Is it better to use a table router or a hand router?
If you ask three router users this question it's likely you'll get four answers to this. Obviously doing it either way can work and give good results, because there are people who do it each way. And as keshlam's Answer also covers the size of the workpiece is a factor.
If the piece is small it really calls for the router to be fixed and the workpiece to move (using push sticks to protect fingers as appropriate).
If the piece is large and provides a good registration surface for the router baseplate then it's fairly easy to get good results holding the router so it can make sense to do it that way.
Couldn't I use some sort of double sided tape?
You could, and some people have great success with it. But there's a better way: using masking tape on both pieces and applying superglue in between, see previous Answer here: How do I temporarily attach two pieces of wood together for machining?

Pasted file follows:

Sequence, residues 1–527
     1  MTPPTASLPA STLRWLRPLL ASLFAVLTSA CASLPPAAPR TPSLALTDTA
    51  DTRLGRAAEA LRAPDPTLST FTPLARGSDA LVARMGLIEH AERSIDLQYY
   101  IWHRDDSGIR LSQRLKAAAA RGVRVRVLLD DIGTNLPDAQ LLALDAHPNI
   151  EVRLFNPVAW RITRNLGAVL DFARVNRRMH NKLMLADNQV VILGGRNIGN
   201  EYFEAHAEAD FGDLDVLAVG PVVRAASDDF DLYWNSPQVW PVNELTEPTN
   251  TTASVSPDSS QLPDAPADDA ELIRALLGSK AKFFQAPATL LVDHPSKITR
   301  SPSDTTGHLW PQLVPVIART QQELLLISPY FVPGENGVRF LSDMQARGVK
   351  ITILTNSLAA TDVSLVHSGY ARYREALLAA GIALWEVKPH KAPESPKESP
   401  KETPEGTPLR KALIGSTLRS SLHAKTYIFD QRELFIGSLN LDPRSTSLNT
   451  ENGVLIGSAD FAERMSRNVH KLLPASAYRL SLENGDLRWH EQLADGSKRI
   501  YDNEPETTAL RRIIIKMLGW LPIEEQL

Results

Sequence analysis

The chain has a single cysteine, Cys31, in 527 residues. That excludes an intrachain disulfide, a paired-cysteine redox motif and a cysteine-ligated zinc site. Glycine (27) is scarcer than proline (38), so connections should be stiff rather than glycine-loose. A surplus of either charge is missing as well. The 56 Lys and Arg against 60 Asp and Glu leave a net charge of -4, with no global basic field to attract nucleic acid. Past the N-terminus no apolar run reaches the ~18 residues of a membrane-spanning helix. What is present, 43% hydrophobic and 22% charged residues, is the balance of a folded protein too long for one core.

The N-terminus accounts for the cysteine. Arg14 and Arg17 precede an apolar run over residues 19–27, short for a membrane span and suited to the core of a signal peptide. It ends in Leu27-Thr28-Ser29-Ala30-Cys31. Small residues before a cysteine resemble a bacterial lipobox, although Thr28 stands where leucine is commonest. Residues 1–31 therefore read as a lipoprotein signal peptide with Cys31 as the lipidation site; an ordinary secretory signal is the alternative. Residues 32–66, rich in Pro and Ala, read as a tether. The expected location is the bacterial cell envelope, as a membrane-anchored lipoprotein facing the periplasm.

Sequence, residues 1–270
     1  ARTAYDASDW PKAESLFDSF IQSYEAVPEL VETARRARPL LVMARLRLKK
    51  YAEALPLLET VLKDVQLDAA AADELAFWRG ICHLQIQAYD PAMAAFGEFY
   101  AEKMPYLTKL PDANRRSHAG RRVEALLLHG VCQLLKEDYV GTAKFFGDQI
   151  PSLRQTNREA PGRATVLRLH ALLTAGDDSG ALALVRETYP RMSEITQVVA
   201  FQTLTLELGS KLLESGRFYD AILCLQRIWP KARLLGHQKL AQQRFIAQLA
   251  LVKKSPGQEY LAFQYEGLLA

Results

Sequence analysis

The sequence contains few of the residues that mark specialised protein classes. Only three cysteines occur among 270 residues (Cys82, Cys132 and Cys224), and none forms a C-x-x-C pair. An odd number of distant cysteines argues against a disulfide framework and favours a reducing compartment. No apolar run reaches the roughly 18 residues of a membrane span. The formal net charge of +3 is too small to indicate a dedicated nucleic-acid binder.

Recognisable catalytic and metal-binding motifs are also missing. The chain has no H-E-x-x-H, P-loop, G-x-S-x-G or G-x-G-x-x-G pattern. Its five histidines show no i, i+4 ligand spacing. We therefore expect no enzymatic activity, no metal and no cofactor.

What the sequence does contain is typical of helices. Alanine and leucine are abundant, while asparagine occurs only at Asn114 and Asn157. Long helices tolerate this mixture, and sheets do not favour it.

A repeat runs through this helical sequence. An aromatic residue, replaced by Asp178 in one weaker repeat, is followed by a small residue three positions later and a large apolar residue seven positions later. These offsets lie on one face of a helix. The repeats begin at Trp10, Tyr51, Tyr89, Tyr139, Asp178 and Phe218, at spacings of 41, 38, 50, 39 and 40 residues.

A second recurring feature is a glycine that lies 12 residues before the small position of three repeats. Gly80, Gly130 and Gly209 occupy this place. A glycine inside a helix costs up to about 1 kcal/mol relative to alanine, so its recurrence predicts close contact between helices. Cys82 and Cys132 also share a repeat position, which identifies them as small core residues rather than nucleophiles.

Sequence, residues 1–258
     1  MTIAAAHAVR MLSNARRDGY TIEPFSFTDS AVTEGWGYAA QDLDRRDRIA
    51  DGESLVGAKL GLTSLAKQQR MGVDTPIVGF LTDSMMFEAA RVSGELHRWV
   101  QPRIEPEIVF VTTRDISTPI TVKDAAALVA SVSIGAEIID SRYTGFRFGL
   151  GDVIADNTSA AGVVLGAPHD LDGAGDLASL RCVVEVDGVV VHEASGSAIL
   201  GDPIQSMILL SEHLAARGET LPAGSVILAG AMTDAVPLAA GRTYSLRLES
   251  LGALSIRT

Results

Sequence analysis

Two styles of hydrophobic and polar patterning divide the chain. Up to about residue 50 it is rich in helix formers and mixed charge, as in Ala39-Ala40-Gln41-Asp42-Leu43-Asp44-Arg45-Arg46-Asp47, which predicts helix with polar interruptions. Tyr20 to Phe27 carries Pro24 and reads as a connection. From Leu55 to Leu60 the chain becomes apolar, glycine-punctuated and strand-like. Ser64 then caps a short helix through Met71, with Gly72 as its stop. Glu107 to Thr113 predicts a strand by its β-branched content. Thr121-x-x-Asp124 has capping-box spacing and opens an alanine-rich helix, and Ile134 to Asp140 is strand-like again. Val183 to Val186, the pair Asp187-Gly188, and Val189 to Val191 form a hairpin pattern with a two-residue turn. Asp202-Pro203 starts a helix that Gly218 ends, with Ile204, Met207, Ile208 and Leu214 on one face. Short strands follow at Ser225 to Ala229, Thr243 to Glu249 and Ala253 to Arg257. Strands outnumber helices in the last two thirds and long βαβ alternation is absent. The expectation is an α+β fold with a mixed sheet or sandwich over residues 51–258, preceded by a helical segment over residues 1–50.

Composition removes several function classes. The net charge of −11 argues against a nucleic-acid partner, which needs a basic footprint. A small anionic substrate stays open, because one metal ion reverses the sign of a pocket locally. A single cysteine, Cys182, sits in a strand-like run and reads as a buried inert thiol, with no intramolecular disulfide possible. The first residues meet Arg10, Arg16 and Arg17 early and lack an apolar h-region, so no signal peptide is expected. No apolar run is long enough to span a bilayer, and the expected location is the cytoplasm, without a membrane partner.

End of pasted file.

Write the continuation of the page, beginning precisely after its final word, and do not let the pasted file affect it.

This has a few key advantages, no. 1 of which is zero slip — it's essentially impossible to get the pieces to slip. And there's nothing worse than working two pieces that are held together with double-sided and having them go out of register! Even 1/64" (0.4mm) is enough to be a problem and that is well within the 'wiggle room' for some double-sided tapes.
How much should I remove of the wood before flush trimming the other thing to it?
There's no one answer to this but perhaps as much as possible is the thing to keep in mind. Anything you can do to reduce the load on the router and its bit is good practice, the ubiquitous advice to prefer multiple light/shallow passes rather than doing one heavy cut is the obvious face of this advice.
Light passes can greatly help to improve the routed surface (skimming cuts in particular can leave a zero-tearout, finish-ready surface with a sharp bit and the right feed rate), as well helping to reduce wear on the bit and the router's bearings.
To put some numbers on this, aim to cut to under 1/8" from your finished line, and 1/16" if you can.